Rob Farrell, VDOF’s assistant director for land conservation, said this acquisition was a win-win situation for the City of Lexington and the citizens of the Commonwealth. “Through the concerted efforts of area conservationists, such as Daphne Raz and Faye Cooper, and the City of Lexington’s Manager Jon Ellestad and Attorney Larry Mann, a significant forest has been forever protected. Virginians for generations to come will reap the benefits of this good work.”

Access to the trailhead is via US Forest Service road off State Route 612 in southwestern Rockbridge County. (GPS coordinates: Latitude 37 44 44, Longitude 79 38 53) As with most of the State Forests, visitors should carry their own supplies, such as drinking water, and be advised that there are no facilities at the Moore’s Creek State Forest.

Wednesday, July 21, 2010

Hot and Dry in Virginia

It's been two weeks since Governor McDonnell warned Virginians about the dangers of fire during our hot, dry summer. The threat continues to be a real one.

The eastern portion of Virginia shows KBDI above 600, and central Virginia is above 500. The dry conditions and lack of forecast rain have prompted many localities to enact burn bans to reduce wildfire risk.

Open burning isn't our only potential cause of wildfire. Machinery operating in brown grass or dry fields can produce a spark that will ignite that material. Pay attention when welding; using farm equipment; towing trailers or vehicles or doing any activity that can cause sparks. The Charlottesville Newsplex reported today that "a farmer was driving his tractor, collecting what hay he could for himself and the landowner" when a 75-acre fire resulted from that activity. The fire occured in Fluvanna County.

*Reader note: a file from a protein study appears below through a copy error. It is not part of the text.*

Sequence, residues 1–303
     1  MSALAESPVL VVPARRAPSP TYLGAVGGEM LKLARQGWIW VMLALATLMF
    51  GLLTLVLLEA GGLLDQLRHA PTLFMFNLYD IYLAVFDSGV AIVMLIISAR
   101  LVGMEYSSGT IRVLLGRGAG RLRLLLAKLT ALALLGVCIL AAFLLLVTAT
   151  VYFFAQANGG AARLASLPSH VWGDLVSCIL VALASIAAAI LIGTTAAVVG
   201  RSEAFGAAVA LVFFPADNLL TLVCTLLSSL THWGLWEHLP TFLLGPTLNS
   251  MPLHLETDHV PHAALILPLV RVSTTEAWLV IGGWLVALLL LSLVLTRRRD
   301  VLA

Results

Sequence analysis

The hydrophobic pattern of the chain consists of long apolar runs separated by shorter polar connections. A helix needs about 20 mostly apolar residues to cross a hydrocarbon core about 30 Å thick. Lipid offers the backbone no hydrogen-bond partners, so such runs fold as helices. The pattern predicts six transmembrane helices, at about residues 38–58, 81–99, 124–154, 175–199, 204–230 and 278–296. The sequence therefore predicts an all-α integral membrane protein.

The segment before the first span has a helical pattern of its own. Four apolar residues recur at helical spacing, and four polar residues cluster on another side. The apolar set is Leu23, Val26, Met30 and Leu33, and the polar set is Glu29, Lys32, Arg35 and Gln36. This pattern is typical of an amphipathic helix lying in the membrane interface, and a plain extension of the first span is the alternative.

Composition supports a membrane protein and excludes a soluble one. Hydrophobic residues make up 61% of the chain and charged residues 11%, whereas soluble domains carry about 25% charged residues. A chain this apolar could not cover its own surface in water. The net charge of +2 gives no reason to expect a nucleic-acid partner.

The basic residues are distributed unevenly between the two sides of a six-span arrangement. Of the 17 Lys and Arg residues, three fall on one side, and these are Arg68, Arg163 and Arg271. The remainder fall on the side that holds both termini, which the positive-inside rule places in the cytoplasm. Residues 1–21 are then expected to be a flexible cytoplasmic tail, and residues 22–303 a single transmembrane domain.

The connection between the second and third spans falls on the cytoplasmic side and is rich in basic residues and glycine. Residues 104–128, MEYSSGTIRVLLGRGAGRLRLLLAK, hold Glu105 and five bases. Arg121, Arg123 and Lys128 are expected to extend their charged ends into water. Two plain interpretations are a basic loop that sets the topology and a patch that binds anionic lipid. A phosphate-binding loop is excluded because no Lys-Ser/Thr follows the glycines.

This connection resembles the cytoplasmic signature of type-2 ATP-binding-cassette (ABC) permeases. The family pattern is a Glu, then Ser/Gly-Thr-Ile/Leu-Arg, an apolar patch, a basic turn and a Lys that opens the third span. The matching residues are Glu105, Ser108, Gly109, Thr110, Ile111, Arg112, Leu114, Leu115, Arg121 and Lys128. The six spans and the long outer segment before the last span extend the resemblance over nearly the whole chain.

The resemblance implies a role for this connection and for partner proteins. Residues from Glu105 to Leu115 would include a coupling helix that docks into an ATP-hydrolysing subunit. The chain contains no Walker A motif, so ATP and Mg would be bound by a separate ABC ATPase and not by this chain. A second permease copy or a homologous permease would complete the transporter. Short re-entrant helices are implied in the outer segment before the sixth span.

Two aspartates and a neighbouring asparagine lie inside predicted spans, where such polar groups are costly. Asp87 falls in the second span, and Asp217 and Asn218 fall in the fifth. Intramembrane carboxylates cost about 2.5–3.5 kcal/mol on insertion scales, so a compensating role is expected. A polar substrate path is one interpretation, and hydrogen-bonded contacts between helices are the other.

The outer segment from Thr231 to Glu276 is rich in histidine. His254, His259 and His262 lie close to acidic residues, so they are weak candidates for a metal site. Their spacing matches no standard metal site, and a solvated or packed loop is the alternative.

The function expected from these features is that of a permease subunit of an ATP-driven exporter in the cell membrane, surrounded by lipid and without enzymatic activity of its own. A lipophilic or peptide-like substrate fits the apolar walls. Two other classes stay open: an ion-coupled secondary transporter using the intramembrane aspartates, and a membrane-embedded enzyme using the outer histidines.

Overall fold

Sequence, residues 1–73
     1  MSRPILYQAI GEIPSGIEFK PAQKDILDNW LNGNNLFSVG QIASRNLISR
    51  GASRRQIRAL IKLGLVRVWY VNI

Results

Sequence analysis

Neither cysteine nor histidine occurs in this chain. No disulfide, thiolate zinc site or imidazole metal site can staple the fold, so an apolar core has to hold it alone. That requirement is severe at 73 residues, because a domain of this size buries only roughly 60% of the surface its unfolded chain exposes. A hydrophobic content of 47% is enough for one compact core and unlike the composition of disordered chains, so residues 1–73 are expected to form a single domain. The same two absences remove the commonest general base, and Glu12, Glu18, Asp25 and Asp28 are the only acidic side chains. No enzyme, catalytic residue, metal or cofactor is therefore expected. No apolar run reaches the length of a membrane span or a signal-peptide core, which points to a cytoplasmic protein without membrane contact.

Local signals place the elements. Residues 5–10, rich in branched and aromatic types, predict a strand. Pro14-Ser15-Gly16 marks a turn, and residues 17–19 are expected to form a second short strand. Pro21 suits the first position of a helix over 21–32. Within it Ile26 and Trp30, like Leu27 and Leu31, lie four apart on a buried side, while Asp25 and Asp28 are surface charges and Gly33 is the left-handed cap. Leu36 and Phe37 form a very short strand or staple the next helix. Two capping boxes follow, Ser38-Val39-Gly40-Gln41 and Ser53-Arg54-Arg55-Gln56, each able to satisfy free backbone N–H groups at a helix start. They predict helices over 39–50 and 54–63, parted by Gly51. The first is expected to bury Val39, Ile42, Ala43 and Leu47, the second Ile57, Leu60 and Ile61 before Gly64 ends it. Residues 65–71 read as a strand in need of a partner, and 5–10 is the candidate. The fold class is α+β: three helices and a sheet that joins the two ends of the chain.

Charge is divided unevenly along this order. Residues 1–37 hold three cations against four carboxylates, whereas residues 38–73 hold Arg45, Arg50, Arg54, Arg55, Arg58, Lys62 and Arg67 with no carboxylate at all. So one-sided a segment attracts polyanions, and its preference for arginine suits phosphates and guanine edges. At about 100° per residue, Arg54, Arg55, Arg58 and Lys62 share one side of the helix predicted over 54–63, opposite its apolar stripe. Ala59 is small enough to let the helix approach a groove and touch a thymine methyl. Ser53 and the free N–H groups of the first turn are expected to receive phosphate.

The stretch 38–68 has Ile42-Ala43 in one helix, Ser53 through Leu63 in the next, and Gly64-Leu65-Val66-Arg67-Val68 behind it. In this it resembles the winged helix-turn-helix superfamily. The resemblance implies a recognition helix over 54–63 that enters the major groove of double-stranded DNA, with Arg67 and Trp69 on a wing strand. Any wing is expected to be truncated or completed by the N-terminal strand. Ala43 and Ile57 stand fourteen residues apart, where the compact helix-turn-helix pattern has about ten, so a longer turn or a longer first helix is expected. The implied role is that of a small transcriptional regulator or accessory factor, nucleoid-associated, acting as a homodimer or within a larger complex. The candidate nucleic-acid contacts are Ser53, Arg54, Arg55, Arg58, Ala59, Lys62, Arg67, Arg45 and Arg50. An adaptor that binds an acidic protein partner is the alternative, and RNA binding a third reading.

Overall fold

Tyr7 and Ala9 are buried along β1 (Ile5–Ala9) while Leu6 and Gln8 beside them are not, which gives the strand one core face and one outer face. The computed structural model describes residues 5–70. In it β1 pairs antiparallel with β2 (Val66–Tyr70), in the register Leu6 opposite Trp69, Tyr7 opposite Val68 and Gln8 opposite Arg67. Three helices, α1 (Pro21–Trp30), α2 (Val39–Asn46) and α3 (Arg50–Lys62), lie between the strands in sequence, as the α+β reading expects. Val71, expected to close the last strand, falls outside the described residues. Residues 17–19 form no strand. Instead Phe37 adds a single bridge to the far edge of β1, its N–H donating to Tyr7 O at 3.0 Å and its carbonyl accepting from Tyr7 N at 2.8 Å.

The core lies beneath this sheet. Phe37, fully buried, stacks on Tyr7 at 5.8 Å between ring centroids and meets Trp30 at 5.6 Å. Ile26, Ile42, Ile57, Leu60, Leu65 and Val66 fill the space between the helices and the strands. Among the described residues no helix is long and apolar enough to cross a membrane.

Do what you can to reduce wildfires - check to see if there's a burn ban for your area. Always notify your local law enforcement or fire department when you burn. Stay with your fire at all times. Have a fully-charged hose, a rake, wet towels and a bucket of water with you when burning.

Tuesday, May 4, 2010

Spring Fire Season Ends with Number of Wildfires Down Nearly 30 Percent

A mix of snow and rain events combined with Virginia’s 4 p.m. Burn Law led to a 29 percent decrease in wildfires during the state’s spring fire season, which runs from Feb. 15th through April 30th each year, compared to the same period in 2009. There were 400 wildfires during the 75-day spring fire season this year compared to 563 wildfires last spring.

The number of acres burned in the Commonwealth declined 42.5 percent (3,240 in 2010 and 5,635 in 2009). Note: All figures are for privately owned and state lands in Virginia – fire activity on federal land is not included in this report.

“These are significant decreases,” said State Forester of Virginia Carl Garrison. “The precipitation we experienced this spring in conjunction with our decades-old 4 p.m. Burn Law really made a difference this year. While we did experience several large fires in Southwest Virginia, overall the threat to our citizens was diminished.”

Virginia Department of Forestry (VDOF) personnel protected a total of 411 homes and other structures from the ravages of wildfires this spring. One home was damaged.

In the Southwest Virginia counties of Buchanan, Dickenson, Henry, Lee, Russell and Scott, VDOF efforts were supplemented by inmate crews from the following detention facilities: Wise Correctional Unit Camp 18; Appalachian Detention Center; Patrick Henry Correctional Unit, and the Regional Jail located in Duffield. Additional support was provided by personnel from the Virginia Department of Transportation and the US Forest Service Ranger District in Wise.

VDOF Regional Forester Ed Stoots said, “The Corrections and Jail crews did some really good work in some of the state’s most difficult terrain. We owe a debt of gratitude to them as well as to VDOT and the USFS folks for helping us fight some serious wildfires.”

Garrison said, “With just 183 VDOF wildland firefighters to protect nearly 16 million acres (24,531 sq. miles) of forestland, we have to rely on the assistance of a cadre of on-call firefighters across the state as well as the inmate crews in Southwest Virginia. All are well-trained in how to fight such fires. And of course, the support we received from VDOT and the US Forest Service is very much appreciated.”